Last week, the earth-shattering news was revealed to the public. An announcement that no one saw coming and left everyone paralyzed in shock.
Justin Williams came out of retirement and signed with the Carolina Hurricanes.
Okay, so maybe that’s not the most accurate way to describe it. It was more along the lines of the worst-kept secret in the history of mankind. Regardless of what it was, Williams signed an incentive-laden deal through the remainder of the 2019-20 season.
For now, the timeline of Williams’ return to the lineup is up in the air. Maybe he makes his debut this weekend. Maybe he doesn’t play until the All-Star break ends. He is back and practicing with the team, though, which has raised a very relevant question - where does he fit?
It’s important to remember a few things:
Williams hasn’t played hockey at an NHL level or anywhere close to it in almost nine months, he is 38 years old, and in his long and storied career, he has never done what he is doing right now.
He’s not going to enter the lineup and play with Sebastian Aho right away. That isn’t fair to him or anyone else. He won’t immediately be the 53-point scorer he was just a season ago, and he won’t be played as such, which means he’ll be worked into the lineup at an appropriate pace.
You likely start with putting him on the fourth forward line, centered by Lucas Wallmark, a center he has played with in the past. Given the excellent offensive stretch that Wallmark is in, that line shouldn’t be anywhere close to a wasteland for offense that misuses Williams in the early stages. To me, it’s a pretty perfect place for him to start - with a dependable two-way center in an easier role. He’ll get his offensive opportunities and get up to speed, presumably in relatively short order given that, once he does get acclimated, the hockey will come naturally for him as it has for roughly two decades in the NHL.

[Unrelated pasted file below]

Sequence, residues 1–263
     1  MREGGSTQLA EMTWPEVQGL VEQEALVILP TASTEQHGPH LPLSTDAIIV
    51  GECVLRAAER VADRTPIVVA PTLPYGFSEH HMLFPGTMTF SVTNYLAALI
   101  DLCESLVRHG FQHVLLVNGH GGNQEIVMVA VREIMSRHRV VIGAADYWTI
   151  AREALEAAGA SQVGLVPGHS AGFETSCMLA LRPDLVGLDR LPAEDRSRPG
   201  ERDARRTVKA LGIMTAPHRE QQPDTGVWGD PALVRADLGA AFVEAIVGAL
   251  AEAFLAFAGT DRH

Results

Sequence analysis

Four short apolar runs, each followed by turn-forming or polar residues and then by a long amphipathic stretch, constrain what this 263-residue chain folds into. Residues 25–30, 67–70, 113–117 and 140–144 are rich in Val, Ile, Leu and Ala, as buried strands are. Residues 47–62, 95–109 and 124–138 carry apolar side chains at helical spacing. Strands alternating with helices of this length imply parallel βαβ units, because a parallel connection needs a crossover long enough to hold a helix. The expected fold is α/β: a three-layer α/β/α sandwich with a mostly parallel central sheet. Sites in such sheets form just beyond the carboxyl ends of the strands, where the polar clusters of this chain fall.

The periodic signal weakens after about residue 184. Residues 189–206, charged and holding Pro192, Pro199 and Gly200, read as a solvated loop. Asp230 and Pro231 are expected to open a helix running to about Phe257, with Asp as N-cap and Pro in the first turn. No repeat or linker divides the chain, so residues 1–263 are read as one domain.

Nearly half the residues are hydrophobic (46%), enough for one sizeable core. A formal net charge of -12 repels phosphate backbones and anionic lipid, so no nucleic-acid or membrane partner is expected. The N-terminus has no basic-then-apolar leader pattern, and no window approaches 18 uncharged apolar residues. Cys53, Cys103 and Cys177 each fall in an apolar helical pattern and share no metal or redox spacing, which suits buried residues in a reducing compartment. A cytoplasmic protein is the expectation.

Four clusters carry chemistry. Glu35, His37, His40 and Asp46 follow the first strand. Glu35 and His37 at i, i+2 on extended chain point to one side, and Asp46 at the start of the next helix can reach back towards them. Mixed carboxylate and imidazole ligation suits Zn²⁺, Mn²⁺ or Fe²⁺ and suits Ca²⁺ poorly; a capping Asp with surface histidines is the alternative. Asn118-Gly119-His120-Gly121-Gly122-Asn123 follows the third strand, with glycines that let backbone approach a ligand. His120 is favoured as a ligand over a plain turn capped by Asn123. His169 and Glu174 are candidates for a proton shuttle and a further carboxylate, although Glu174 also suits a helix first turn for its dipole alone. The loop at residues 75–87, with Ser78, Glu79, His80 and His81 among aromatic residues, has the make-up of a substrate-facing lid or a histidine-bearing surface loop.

That, of course, would require some shuffling of the forward core. One of the bottom-six forwards, let’s say Brock McGinn, can go in and out of the lineup. Whether it’s McGinn or someone else, a spot has to be made for Williams. It’s a business, though, and them’s the breaks.
As time goes on, Williams’ presence on the team will get more and more important. The Hurricanes have been relatively fortunate on the injury front this season. Outside of Erik Haula’s ongoing lower-body ailment, the Canes have been pretty healthy. That said, injury bugs happen, and it’ll assuredly hit at some point for the Hurricanes. Having a 13th forward who just so happens to be a three-time champion and captain of last season’s team will be very convenient.
Haula’s injury issues should also be mitigated to some extent by Williams’ return. With an extra forward, one who they hope will be capable of being the difference maker that Williams has been, the Hurricanes can afford to rest Haula when he needs it.
So, where does Williams fit in? My answer is, we’ll see. No one knows what’s going to happen tomorrow or a week from now or a month from now. Things change quickly in the NHL, which means depth is a valuable asset.